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Watering a Seeded and Sodded Lawn

Watering a new lawn is very different from watering grass in an established lawn. Many lawns are lost at the initial watering stage. Whether you have planted seed or laid sod, lawn irrigation must be done properly for best results.

Watering a New Lawn from Seed

For the seeds to germinate, the soil needs to be consistently moist and soil temperatures must be in the right range. Germination times vary with different species, but most lawn seed will germinate within 5 to 21 days.

When watering a new lawn, the best way of keeping the seed moist is by lightly sprinkling the seeded area of the lawn at least two to three times a day. Care must be taken to ensure the soil doesn’t dry out. The seeds could perish if they are allowed to dry once the germination process has begun.

Your lawn may require more frequent watering depending on the soil type, weather, temperature, or wind. Sandy soils retain less water than loamy or clay soils.

Important Tips on Watering a New Lawn from Seed

  • Irrigate the soil daily, at least twice a day, but possibly more. Try not to let the soil completely dry out. If your seed is planted in bare soil, do not soak or flood your lawn. When watering a new lawn, use just enough water to keep the soil moist at seed depth. Standing water or prolonged heavy rain could ruin some of the seed or possibly wash the seed away.
  • If overseeding a lawn where you have established grass, be sure to keep the seed moist by watering lightly twice a day. Occasional deep watering is okay to maintain grass health. The existing grass will help keep the seed in place, shade the soil, and slow evaporation.
  • Once the seed has sprouted continue watering lightly, but allow the soil to dry slightly before watering again. At the seedling stage, it is even more critical not to repeatedly saturate the soil. Persistently wet soil can lead to serious root diseases, such as Pythium Blight, that can kill the roots. Very humid weather often has greater disease problems than dry weather.
  • When the grass is a couple inches tall cut back on water to once every two to three days, depending on the temperature. Tiny seedlings can still suffer if the temperature spikes and the soil dries out. Soil dries faster in hot, arid environments than humid environments.
  • Once the grass reaches the cutting height for your particular grass type begin watering deeply, but less often, so the soil is wet to a depth of four inches. After watering, don’t water again until the grass begins to show signs of stress. This trains the roots to grow deeper into the soil to reach available water and nutrients.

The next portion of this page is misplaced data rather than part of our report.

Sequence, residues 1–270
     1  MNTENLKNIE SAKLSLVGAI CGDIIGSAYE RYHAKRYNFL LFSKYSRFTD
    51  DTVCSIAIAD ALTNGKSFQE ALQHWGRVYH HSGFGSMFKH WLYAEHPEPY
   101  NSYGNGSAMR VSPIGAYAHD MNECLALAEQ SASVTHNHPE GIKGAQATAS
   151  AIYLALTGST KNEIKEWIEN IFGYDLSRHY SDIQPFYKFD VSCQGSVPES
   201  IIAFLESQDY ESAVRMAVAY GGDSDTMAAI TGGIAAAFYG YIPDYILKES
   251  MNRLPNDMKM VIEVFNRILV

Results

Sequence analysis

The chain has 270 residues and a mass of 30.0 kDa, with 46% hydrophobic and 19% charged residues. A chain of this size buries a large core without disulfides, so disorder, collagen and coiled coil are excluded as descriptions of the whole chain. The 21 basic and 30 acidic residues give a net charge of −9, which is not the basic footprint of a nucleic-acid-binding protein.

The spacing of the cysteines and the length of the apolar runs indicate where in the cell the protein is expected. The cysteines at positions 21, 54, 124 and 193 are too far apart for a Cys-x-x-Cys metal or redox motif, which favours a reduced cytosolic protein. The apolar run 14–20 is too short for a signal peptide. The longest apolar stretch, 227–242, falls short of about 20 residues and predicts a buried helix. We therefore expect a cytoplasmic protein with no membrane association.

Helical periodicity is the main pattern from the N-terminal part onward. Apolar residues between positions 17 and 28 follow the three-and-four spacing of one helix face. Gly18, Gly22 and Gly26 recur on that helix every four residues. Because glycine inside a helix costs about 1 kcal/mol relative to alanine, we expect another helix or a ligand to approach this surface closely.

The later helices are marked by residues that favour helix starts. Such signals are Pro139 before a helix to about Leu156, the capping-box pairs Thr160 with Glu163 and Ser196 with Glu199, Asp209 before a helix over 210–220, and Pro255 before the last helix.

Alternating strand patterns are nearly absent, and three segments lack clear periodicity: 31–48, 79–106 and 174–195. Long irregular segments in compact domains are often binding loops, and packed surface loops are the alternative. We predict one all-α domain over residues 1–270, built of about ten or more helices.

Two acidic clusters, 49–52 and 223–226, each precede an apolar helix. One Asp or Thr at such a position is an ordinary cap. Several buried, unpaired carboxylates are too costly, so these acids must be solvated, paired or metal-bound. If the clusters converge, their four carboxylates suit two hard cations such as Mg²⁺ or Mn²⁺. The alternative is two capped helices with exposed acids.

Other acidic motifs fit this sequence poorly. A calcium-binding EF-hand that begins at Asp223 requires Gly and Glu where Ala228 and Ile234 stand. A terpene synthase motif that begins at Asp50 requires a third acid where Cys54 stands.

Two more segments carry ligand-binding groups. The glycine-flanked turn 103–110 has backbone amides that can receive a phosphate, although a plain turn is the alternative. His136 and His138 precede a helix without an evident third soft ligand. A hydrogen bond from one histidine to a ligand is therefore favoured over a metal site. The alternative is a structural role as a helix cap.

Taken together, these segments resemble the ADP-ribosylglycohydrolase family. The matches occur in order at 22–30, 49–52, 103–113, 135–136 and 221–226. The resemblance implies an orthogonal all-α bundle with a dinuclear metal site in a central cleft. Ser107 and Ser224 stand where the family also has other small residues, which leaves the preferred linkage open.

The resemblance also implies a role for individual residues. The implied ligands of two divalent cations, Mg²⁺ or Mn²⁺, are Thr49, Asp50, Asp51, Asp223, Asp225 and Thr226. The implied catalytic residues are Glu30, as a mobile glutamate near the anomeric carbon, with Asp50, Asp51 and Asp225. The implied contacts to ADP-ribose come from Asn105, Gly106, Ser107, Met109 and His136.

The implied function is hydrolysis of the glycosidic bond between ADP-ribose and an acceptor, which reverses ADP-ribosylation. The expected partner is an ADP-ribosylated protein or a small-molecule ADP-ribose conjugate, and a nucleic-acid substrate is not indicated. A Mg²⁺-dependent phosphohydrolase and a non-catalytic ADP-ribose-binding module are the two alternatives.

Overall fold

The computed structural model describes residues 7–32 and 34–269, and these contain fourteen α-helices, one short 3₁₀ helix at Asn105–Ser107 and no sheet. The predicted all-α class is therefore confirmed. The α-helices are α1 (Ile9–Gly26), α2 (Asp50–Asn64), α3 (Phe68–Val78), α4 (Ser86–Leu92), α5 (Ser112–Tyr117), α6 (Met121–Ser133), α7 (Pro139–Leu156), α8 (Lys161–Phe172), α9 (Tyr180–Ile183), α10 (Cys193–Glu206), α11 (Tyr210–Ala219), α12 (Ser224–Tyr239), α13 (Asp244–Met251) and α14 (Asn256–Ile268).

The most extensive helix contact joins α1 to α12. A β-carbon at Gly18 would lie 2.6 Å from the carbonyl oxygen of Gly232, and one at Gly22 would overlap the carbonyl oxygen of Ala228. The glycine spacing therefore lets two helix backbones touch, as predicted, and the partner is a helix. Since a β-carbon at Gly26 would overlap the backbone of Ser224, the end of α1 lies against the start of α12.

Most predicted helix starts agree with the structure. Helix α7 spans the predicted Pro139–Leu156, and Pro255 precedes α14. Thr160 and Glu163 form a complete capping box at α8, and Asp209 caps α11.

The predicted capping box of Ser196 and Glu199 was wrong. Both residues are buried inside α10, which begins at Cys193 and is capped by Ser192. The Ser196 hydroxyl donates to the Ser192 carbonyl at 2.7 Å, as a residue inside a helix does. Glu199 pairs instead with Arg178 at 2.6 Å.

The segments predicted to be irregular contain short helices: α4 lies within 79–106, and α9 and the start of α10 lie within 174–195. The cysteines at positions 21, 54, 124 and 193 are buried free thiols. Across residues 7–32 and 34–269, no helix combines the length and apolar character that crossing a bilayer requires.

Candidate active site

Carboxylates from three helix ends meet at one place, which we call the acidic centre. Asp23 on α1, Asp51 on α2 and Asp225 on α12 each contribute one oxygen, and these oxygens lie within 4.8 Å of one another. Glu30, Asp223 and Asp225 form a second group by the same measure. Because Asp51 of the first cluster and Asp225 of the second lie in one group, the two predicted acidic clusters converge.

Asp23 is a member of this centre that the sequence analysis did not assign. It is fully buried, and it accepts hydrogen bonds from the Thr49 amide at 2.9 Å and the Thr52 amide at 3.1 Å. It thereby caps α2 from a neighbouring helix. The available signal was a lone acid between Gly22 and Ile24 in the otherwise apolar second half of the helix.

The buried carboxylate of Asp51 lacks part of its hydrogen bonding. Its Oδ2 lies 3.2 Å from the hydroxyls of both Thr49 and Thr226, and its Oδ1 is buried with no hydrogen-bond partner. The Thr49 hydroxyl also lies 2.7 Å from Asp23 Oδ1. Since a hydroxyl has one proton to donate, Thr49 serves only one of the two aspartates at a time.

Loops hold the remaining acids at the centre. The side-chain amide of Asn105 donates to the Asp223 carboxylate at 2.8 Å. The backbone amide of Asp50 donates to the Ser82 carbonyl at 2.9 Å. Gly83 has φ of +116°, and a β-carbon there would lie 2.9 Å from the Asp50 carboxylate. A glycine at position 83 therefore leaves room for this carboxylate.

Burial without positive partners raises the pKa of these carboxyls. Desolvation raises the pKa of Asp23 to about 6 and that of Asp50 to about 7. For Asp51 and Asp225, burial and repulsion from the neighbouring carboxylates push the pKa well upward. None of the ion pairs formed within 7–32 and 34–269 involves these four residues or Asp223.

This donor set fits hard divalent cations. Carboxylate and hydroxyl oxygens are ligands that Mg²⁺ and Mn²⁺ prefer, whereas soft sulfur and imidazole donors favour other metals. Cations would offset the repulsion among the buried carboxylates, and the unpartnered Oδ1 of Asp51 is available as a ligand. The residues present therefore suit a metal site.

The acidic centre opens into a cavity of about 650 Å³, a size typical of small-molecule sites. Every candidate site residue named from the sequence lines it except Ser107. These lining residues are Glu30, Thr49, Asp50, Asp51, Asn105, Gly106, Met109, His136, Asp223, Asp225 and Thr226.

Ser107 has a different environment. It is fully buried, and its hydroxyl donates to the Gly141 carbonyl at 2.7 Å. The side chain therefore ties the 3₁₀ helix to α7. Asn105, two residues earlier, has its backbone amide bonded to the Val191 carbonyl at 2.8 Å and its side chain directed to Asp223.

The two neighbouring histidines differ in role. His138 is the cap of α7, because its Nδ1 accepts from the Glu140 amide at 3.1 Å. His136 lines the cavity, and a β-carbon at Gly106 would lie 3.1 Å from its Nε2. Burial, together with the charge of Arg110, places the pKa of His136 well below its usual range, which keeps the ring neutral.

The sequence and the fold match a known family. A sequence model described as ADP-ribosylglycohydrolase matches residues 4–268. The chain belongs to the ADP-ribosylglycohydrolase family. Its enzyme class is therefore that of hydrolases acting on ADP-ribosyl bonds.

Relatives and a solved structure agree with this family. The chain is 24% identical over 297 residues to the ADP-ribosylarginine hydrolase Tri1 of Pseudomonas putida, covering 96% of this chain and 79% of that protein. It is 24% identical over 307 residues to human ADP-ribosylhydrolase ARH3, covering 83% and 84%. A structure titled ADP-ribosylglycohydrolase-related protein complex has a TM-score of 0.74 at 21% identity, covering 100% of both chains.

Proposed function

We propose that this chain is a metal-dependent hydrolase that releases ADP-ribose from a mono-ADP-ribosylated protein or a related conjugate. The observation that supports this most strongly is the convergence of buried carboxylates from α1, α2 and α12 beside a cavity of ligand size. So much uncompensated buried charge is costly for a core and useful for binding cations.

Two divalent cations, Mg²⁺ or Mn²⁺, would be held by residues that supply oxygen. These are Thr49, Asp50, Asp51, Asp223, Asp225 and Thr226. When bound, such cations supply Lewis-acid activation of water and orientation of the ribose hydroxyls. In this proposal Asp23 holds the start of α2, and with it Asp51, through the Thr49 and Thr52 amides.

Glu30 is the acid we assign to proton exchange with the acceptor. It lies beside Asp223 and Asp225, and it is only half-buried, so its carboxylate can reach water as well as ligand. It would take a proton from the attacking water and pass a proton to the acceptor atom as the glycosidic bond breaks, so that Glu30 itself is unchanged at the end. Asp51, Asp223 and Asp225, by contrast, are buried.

Watering a New Sod Lawn

The wonderful thing about sod is that it can provide you with an instant lawn. The rules for watering a new lawn are basically the same for seed and sod, with just a little variation. When sod is harvested, the roots are cut making it extremely important to lay it as soon as possible. The faster you get water on the sod, the better.

Important Tips on Watering a New Sod Lawn

  • Water the sod frequently, so it will not dry out. Remember, freshly cut sod has no roots. Therefore, sod will have to be irrigated as often as necessary until the roots grow in and the sod attached firmly to the ground.
  • As the roots develop, the grass can be irrigated less frequently, but more deeply. Keep in mind that not all areas will develop roots at the same rate, so watch for any signs of drought stress.
  • Be careful about watering grass late evening or at night, especially with high humidity. This creates a problem with the lawn staying damp for too long. Most diseases need prolonged moisture as a necessary ingredient for the disease to begin. When watering a new lawn or mature lawn, irrigate early to late morning. Try not to allow the soil to go into the evening in a very wet condition.

Important Hint: Grasses are “monocots”, meaning they emerge from the soil as a single blade. This single blade develops into a larger plant, but it will take time. Don’t expect to have a thick lawn in a few weeks. It takes at least one full year and often two years to get thick, healthy turf when starting with seed on bare soil.

Works Cited

“Kentucky Bluegrass Seed For Lawns & Pasture.” Kentucky Bluegrass Lawn & Grass Seed-Grow Kentucky Bluegrass-Buy Bluegrass Seed|Bluegrasses.com. Seedland.com, n.d. Web. 12 Aug. 2015.

“ .” New Sod Care. Green Valley Turf Co., n.d. Web. 12 Aug. 2015.

“Watering a New Lawn the Right Way.” Lawn Care Academy. Lawn Care Academy, n.d. Web. 12 Aug. 2015.